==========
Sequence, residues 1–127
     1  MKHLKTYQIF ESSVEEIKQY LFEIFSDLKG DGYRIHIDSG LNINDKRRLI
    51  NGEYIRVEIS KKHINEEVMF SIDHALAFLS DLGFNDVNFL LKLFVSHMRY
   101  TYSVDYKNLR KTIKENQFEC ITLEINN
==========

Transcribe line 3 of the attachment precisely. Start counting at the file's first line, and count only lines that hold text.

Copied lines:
    51  NGEYIRVEIS KKHINEEVMF SIDHALAFLS DLGFNDVNFL LKLFVSHMRY